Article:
"The history of the mining industry confirms that prostitution, drugs and alcohol spread wherever this activity develops," Frasser noted.
Olivia Gil, also a native of Cajamarca and actively opposed to the mine, is convinced that if La Colosa opened that’s what would happen there. "I’ve always heard that even if a mining project brings an initial bonanza, when it ends, it leaves the town in ruins," she told IPS.
"There’s no wealth here now, but we live peacefully, which is what I want for my granddaughters," she said.
She’s still hopeful that when her granddaughters - who are now little girls - grow up they’ll have more options than are now available in Cajamarca.
"I want something different than the absurd fantasies some people dream of today. I want them to get something more out of life than having a little fun dancing and drinking, to later end up pregnant. I don’t want that for my granddaughters," she added.
That is why her daughter lives in Ibagué, where there are more opportunities for women, and where "my granddaughters have a chance for a better future than her mother and I had," she concluded.
Gold Conflict in Colombia's Central Mountains
By Helda Martínez, Tierra America
6 July 2009
The Colombian authorities could determine this month whether they will move forward on a giant gold mining project in a nature preserve in the central mountain range.
CAJAMARCA - In a protected area of the Cordillera Central, or central mountain range, gold mining plans are clashing with the will of farmers, activists and environmental officials to preserve forests and water resources.
A movement made up of 25 international, national and local non-governmental organizations is calling on the government to halt the exploration activities of the South Africa-based mining transnational corporation, AngloGold Ashanti.
The corporation, which has been working in the area since 2006, is awaiting authorization to conclude explorations of a gold deposit situated in the municipality of Cajamarca, in the central-west department of Tolima, and part of the Central Forest Reserve.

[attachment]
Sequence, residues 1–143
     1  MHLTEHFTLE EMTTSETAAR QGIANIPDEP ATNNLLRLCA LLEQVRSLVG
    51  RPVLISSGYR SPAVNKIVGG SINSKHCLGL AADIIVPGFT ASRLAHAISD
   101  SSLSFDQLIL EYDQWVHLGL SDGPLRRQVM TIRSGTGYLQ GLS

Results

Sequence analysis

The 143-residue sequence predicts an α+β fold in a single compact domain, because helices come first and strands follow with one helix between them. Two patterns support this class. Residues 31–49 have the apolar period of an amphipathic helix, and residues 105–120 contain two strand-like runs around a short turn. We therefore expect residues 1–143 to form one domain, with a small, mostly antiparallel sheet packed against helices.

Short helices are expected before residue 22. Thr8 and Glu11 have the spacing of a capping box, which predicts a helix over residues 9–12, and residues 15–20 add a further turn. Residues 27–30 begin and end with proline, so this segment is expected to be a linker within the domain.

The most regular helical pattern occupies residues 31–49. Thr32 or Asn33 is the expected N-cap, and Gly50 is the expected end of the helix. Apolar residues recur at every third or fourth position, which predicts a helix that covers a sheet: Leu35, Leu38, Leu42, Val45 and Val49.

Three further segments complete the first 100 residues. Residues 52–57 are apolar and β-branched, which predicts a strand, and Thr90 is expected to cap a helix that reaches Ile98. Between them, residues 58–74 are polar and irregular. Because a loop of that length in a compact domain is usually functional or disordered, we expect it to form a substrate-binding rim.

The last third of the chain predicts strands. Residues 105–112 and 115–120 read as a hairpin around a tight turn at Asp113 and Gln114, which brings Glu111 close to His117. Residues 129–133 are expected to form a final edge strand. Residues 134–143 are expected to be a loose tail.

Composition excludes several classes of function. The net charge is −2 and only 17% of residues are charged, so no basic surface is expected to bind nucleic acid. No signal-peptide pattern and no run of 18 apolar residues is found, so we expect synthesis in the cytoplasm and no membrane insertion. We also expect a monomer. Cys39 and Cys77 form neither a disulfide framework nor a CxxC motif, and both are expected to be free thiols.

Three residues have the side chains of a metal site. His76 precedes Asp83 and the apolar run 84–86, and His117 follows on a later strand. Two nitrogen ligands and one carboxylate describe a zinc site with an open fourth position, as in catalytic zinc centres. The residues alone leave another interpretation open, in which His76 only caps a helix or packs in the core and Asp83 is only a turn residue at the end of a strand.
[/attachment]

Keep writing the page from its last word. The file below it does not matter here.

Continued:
A 1959 law demarcated the reserve in order to ensure protection of a 1.5-million-hectare strip running north-south through central-west Colombia and passing through 10 departments, Tolima among them.
The area holds important water resources, with 160 headwaters and the Coello River basin, as well as the ecosystems that sustain them: high plateaus, cloud forests and protective and productive forest areas, according to the department's top environmental agency, the Tolima Autonomous Regional Corporation, Cortolima.
In the last decade, the company obtained permits to explore 27 areas of Tolima, 15 in rural Cajamarca. The authorizations came from the Colombian Institute of Geology and Mining, a division of the Ministry of Mines and Energy. In 2006, AngloGold Ashanti discovered the gold deposit.
In December 2007, the corporation announced that the site in La Colosa - initially estimated at 12.3 million ounces of gold - would be one of the world's 10 biggest gold deposits.
The firm hired 400 workers in January 2008 and stepped up exploration, taking water and soil samples with 74 perforations that were "up to 700 meters deep," said Evelio Campos, coordinator of the NGO Ecotierra de Cajamarca.
In February 2008, Cortolima director Carmen Sofía Bonilla requested the intervention of the Ministry of Environment, Housing and Development to order a freeze on the mining project.
By law, the Ministry of Environment must grant a permit for economic activities in protected zones. This allows for delimiting an area where there is only grass and stubble, but it is intended for basic works that do not affect protected species, Bonilla explained.
The company had not requested that permit, so Bonilla's petition for a freeze was accepted.
"In February 2008, the mining work was suspended by order of the ministry," economics student Cristian Frasser, of the University of Tolima and member of the NGO Environmental Awareness, told Tierramérica.
But in May of last year, the company formalized a request to operate on 515 hectares in order to determine the project's economic and environmental viability, and the Ministry of Environment gave the green light, but only for 6.4 hectares.
Hiring has been cut to no more than 30 workers, but it is impossible to obtain precise figures because information about the mining project is restricted and the army guards access to the mining site itself.
La Colosa is located 5.5 kilometers from the town limits of Cajamarca and 35 km west of Ibagué, the departmental capital.